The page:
A little company called SunPort has launched a crowdfunding campaign that could change the clean energy game in a new way. SunPort is a smart device that looks like an ordinary outlet extender, but it does something pretty spectacular. This smart little gadget lets you power anything with solar energy without the need for solar panels. It’s completely portable, too, so green-minded techies can take advantage of renewable energy at home, at school, or on the road, all with one little plug.
The SunPort’s Kickstarter campaign launched late Tuesday and is aiming for $75,000 to finalize testing and put these smart solar devices into production. The SunPort works in a unique way, letting users “upgrade” their energy usage to solar power by buying solar credits. Whenever and wherever you’d like to utilize clean energy, you plug the SunPort into any existing electrical outlet and use it to run any kind of technology you choose – your laptop, stereo, coffee maker, you name it. The SunPort communicates wirelessly with an app on your smartphone to record the power usage and automatically purchases matching solar credits.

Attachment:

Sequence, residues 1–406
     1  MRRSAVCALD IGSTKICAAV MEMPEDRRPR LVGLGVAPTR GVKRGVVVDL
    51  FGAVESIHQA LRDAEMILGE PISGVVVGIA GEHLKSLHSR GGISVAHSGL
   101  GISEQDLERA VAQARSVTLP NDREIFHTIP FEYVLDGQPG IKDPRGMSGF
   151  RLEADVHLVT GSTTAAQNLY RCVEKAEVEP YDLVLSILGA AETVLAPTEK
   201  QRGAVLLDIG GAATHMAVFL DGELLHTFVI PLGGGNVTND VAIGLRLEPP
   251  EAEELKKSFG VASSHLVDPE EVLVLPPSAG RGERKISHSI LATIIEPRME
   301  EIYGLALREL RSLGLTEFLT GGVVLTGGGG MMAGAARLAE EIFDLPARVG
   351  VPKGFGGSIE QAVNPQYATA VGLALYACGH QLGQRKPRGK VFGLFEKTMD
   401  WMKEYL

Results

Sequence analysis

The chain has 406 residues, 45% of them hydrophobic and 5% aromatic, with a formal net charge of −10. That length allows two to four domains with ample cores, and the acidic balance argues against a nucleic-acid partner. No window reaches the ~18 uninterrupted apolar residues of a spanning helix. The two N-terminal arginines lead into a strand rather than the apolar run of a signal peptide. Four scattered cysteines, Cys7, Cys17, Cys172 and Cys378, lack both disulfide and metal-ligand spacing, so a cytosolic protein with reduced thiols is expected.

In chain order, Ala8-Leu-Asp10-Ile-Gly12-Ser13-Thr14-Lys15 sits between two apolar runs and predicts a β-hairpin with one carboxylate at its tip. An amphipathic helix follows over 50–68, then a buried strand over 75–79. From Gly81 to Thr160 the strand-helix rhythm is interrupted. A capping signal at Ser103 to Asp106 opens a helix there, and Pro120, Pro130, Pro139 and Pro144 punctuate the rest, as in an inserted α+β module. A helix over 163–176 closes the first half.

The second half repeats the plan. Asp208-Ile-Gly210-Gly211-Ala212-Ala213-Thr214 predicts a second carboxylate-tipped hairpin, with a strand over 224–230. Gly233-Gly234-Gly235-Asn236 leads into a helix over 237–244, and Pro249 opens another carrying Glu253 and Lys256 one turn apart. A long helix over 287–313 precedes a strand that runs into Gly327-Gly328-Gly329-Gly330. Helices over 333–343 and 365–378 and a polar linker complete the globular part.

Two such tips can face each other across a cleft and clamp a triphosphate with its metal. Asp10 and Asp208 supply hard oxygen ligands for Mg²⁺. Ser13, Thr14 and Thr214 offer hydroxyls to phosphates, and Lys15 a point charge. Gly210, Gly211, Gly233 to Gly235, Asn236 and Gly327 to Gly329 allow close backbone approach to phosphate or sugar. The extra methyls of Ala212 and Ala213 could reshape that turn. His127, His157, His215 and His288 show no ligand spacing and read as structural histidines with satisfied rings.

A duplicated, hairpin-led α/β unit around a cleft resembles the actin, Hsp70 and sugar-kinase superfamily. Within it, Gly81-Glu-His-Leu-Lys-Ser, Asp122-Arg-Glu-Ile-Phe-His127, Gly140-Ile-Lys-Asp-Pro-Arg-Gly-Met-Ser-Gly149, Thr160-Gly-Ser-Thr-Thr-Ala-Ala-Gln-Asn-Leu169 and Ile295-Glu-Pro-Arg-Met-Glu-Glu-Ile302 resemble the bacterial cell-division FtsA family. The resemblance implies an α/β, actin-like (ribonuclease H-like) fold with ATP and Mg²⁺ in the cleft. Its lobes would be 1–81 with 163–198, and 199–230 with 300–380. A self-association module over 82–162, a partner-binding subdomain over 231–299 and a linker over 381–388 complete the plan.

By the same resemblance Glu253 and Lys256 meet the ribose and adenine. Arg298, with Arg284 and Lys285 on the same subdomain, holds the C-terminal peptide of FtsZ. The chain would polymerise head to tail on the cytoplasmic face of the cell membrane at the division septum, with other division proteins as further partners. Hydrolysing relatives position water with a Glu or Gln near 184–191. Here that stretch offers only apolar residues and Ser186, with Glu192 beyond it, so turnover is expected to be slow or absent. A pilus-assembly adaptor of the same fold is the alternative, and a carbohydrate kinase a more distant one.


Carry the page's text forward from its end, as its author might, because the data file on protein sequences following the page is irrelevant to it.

This is similar to the way that large corporations offset their energy use with solar, but scaled down to the individual level. Although solar power is cheaper than ever before, it’s still out of reach for many people and solar panels aren’t exactly portable technology. While this smart little device can’t actually feed pure solar power into your laptop, the SunPort does allow individual users support solar power in other places, ensuring that more renewable energy is added to the grid.
According to SunPort founder Paul Droege, the SunPort is an economical way to support clean energy even if solar panels are out of your budget. “For a laptop computer, it’s probably in the range of $1-$2 a month, and it could be considerably less,” says Droege. “The cost is really very small.”
Through the Kickstarter campaign, 250 early bird backers can snag one SunPort outlet for a contribution of just $39.
Via Fast Company
Images via SunPort